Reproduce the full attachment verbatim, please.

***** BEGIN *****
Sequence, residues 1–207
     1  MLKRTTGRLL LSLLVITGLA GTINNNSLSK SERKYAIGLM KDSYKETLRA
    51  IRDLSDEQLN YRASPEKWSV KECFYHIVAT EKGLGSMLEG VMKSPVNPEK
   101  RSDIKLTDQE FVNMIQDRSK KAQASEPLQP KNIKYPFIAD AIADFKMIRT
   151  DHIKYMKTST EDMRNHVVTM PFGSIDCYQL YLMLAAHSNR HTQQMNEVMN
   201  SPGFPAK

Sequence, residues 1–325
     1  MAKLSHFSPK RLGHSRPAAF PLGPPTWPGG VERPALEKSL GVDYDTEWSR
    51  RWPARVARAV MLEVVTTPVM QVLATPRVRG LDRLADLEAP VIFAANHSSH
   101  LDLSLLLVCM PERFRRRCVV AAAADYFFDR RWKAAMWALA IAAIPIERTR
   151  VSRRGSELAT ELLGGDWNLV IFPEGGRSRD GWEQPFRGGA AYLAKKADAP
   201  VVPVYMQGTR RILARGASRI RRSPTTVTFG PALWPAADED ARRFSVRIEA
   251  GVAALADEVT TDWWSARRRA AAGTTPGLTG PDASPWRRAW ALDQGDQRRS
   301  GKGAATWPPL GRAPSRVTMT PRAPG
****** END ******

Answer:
Sequence, residues 1–207
     1  MLKRTTGRLL LSLLVITGLA GTINNNSLSK SERKYAIGLM KDSYKETLRA
    51  IRDLSDEQLN YRASPEKWSV KECFYHIVAT EKGLGSMLEG VMKSPVNPEK
   101  RSDIKLTDQE FVNMIQDRSK KAQASEPLQP KNIKYPFIAD AIADFKMIRT
   151  DHIKYMKTST EDMRNHVVTM PFGSIDCYQL YLMLAAHSNR HTQQMNEVMN
   201  SPGFPAK

Sequence, residues 1–325
     1  MAKLSHFSPK RLGHSRPAAF PLGPPTWPGG VERPALEKSL GVDYDTEWSR
    51  RWPARVARAV MLEVVTTPVM QVLATPRVRG LDRLADLEAP VIFAANHSSH
   101  LDLSLLLVCM PERFRRRCVV AAAADYFFDR RWKAAMWALA IAAIPIERTR
   151  VSRRGSELAT ELLGGDWNLV IFPEGGRSRD GWEQPFRGGA AYLAKKADAP
   201  VVPVYMQGTR RILARGASRI RRSPTTVTFG PALWPAADED ARRFSVRIEA
   251  GVAALADEVT TDWWSARRRA AAGTTPGLTG PDASPWRRAW ALDQGDQRRS
   301  GKGAATWPPL GRAPSRVTMT PRAPG